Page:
In most cases, it is a particular directory that is the primary culprit. Say you have


/code: 20 files
   src1/: 25 files
   src2/: 101 files
   src3/: 3,000 files

then the ideal structure, taking into account the 1,000 file limit, would be:


/code: 20 files
   src1/: 25 files
   src2/: 101 files = 1 file, containing 3,000 files

(src3/ and its 3,000 files have been removed!)

Your README should provide instructions to the replicators how to recover the fully unzipped structure (there are cross-platform differences in unzipping, so be precise about the final structure, rather than the method of getting there).

Alternatively, the code can handle the unzipping - optional, but more robust.

Once you’ve adjusted that, zip up the whole structure (so a ZIP file that has inside it another zip file, plus the /code, /data/src1/, and /data/src2/ directories), and “Import from ZIP” when uploading to ICPSR.

Structure in the presence of confidential (unpublished) data

When the replication package relies on confidential data that cannot be shared, or is shared under different conditions, authors will have to

  • prepare a confidential (partial) replication package
    • this would contain the contents of data/confidential and possibly data/conf_analysis from the example below.
  • preserve (archive) the confidential replication package
  • prepare a non-confidential replication package that contains all code, and any data that is not subject to publication controls
    • this would contain the contents of data/raw, data/analysis, code/, and for reference, results/ from the example below.
  • ensure that replicators have detailed instructions on how to combine the two packages
  • specify which (if any) of the results in their paper can be reproduced without the confidential data.

Clearly separate the restricted from the open-access data, both in terms of the raw data as well as the processed data:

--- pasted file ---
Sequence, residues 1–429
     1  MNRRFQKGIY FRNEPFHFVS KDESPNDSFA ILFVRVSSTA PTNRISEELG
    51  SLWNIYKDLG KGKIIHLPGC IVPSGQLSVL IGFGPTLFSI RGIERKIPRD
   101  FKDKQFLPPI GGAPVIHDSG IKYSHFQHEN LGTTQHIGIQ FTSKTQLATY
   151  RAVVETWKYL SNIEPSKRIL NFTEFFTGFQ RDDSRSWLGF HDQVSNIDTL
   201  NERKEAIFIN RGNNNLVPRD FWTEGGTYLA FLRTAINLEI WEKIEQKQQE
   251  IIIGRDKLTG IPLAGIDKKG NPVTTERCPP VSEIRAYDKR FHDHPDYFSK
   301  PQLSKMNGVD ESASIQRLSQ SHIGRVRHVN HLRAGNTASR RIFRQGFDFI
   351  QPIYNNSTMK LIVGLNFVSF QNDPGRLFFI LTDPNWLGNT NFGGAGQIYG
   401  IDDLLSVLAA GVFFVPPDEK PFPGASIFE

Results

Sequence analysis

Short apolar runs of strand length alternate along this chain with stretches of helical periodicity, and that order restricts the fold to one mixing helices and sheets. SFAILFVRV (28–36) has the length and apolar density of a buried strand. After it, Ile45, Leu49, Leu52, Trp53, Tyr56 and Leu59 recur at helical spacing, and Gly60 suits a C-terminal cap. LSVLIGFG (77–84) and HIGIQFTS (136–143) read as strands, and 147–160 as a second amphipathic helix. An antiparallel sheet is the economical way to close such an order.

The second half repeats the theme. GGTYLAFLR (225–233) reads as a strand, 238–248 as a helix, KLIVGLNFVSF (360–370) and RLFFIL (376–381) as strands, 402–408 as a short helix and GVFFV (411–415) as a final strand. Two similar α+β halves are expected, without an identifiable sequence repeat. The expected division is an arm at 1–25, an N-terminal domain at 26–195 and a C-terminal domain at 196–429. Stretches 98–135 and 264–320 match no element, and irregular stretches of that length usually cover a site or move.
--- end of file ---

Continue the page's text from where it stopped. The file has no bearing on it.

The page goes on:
Keep in mind that you may be able to provide a subset of your replication package privately to the AEA Data Editor, see the Sharing restricted-access data with the AEA Data Editor page, or that you might be able to create a separate data deposit with a more limited license.

Authors might want to investigate the possibility of providing “fake” or “simulated” data that might allow replicators to run code, without necessarily obtaining meaningful results (functionality test).

Creating a separate data deposit

In situations where the data has a different license, or where the data you include has value separately from your replication package, you can create a separate data deposit, and link it/reference it/cite it.

Considering the replicator

The replicator of your package is likely to be less qualified than you are. After all, you are publishing something novel.

You should assume

  • that the replicator has basic knowledge in how to run your software package, if the software is commonly used in economics
    • Stata, Matlab, some others are commonly used
    • Compiled or new computer languages are much less likely to be widely used, even if they are used in your subdiscipline

software usage

You can assume

  • that the replicator can manipulate a top-level configuration file
    • for instance, to set a base directory
    • but not setting a base directory at the top of 25 different files

You should NOT assume

  • that the replicator will use the same type of operating system
    • describe any hard requirements, but do not impose any fake requirements
    • most Stata, Matlab, SAS, R, Python, etc. can run on any operating system, unless you hard-code platform-specific commands into your code
  • that the replicator has any of your packages/modules/etc. installed
    • provide a setup program to install these (not manual instructions).
    • provide copies of such packages/modules when the package repository does not allow you to specify a version